All that jazz

November 17, 2010

Miles Davis: Don't play what's there, play what's not there. Credit: Wikicommons/Tom Palumbo

Montreux is known for its world jazz festival every summer and is home to the statue of Freddie Mercury.  So it is but natural that we got treated to a nice music performance at the opening session – violin by Isabella Mayer and guitar by Dagoberto Linhares. That was a neat treat for us.

And a couple of speakers could not resist reminding delegates about Montreux’s music culture. Tim Evans, chair of the symposium steering committee – and currently Dean at Bangladesh Rural Advancement Centre (BRAC) School of Public Health,  Dhaka – reminded us about  jazz musician Miles Davis’ famous quote: “Don’t play what’s there … play what’s not there”.

So what’s there? Biomedical research in all its glory. What’s not there? Health systems research (remember the poor relation?).

Evans says what’s missing in health systems research is scientific rigour, especially few robust conceptual frameworks and methods, to measure and evaluate the research.

He is also one of the rare breeds who acknowledge the confusion caused by international agencies’ jargon.”The way we describe health systems research is very vague,” he said.  Samples: applied, complexity, delivery, diffusion, evaluation, formative, implementation, operations, scale-up, T2 or translation two …

His words about vague words are music to my ears as, by now, I have humbly accepted myself as language challenged when confronted with some phrases in the international development sector.

T. V. Padma, South Asia Regional Coordinator, SciDev.Net

HSR – a poor cousin?

November 16, 2010

HSR not a poor relation of biomedical research, says WHO's Marie-Paul Kieny

The first global symposium on health systems research kicked off with a strong message that health systems research (HSR) should no longer be treated as the poor cousins of biomedical research.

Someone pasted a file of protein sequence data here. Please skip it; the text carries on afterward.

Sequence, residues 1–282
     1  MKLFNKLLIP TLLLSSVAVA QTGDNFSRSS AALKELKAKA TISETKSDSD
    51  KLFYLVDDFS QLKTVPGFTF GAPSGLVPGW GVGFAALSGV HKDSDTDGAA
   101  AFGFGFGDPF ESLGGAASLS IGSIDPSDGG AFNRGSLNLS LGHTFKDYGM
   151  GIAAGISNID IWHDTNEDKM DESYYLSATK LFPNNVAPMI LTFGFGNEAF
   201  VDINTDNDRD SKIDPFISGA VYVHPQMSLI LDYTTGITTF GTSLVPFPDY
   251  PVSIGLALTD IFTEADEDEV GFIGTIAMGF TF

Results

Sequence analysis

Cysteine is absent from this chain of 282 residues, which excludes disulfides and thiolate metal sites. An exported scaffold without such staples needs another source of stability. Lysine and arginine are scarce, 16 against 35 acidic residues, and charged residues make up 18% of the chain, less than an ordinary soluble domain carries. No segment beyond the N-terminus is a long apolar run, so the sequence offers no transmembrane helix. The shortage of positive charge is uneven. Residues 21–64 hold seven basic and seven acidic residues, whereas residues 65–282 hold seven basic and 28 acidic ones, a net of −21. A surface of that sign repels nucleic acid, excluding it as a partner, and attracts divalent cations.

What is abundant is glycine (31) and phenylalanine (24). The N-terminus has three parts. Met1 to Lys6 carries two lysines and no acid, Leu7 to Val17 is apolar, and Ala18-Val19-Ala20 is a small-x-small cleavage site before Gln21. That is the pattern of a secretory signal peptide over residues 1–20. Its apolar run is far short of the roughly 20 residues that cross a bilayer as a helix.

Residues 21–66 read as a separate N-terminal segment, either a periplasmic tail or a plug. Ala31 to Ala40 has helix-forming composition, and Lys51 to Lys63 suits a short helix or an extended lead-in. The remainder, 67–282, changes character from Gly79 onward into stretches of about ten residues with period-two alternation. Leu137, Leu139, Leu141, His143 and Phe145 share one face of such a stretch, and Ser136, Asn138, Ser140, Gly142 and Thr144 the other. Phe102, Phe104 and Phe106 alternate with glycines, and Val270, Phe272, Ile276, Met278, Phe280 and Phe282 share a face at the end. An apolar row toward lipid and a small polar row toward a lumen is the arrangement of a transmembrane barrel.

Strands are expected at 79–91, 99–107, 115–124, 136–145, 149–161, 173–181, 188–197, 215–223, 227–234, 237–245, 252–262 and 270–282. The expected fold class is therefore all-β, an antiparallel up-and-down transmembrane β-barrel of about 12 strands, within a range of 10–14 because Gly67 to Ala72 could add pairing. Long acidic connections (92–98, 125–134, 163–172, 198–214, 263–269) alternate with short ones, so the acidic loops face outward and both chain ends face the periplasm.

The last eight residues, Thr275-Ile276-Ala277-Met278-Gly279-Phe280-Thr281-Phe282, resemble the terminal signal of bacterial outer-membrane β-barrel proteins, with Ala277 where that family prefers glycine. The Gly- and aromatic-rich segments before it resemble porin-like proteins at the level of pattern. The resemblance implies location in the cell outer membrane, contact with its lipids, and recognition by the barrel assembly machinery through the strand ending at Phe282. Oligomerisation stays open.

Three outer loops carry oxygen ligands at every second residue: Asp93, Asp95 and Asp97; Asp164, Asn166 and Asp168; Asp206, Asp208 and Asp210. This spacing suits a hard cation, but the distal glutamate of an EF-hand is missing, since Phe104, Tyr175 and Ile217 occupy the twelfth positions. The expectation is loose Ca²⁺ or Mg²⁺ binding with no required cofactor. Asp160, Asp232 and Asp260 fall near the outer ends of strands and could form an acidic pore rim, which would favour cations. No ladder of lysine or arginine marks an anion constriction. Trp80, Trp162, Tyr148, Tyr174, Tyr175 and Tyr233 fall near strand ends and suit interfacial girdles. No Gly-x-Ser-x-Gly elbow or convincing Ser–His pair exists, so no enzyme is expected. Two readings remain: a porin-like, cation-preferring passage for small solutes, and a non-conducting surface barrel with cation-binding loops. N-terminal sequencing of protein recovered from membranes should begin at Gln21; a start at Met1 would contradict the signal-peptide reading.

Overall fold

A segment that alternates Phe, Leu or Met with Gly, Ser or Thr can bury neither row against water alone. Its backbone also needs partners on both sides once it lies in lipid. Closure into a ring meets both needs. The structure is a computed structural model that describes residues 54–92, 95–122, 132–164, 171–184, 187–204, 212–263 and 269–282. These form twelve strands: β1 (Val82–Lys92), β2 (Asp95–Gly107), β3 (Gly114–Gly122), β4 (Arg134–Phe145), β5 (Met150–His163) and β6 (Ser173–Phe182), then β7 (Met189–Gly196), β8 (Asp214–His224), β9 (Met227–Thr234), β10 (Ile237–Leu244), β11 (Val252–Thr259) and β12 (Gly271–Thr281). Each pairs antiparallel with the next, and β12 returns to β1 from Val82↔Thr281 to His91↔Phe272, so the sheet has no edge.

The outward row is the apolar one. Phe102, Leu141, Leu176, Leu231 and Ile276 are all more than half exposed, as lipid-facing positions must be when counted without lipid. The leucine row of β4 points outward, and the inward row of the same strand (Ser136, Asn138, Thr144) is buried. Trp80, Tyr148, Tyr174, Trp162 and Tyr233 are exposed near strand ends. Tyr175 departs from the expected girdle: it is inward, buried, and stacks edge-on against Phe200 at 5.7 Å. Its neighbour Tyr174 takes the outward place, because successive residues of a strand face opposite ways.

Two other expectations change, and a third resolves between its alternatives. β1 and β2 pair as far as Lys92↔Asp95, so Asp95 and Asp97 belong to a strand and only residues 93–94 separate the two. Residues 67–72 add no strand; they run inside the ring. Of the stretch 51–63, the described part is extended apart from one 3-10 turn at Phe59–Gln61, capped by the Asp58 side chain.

“Biomedical research has had impressive successes in part because  – to be blunt – it has attracted significant financial investment. Unfortunately this has not been the case for health systems research, which has been the poor relation,” said Marie Paul Kieny, assistant director-general for innovation, information, evidence and research at the WHO, at the opening plenary session.

Kieny reminded delegates of the urgent need to focus research efforts on scaling up the delivery of health services in a way that is equitable and accessible. HSR should generate new knowledge that can help governments strengthen their health systems and improve health outcomes of their people.

That something is not ticking on the health front has finally sunk in. Despite impressive vertical efforts against priority diseases, the “health systems” that deliver and sustain life-saving interventions are “ailing and weak”, pointed out Judith Rodin, president of Rockefeller Foundation. Which is why a baby might be saved from HIV, but end up dying from diarrhoea, she observed.

Rodin prescribes three levels of action. Provide technical and financial support to countries to re-organise their health systems. Second, build  a case that health sector reform towards universal coverage is a sound investment and should be a piroity target for foreign aid in the next decade. Third, more information on the mechanisms to link UHC with global poverty reduction programmes.

Rodin says there is a window of opportunity to turn things around. Which is what this symposium hopes to usher in.

T. V. Padma, South Asia Regional Coordinator, SciDev.Net

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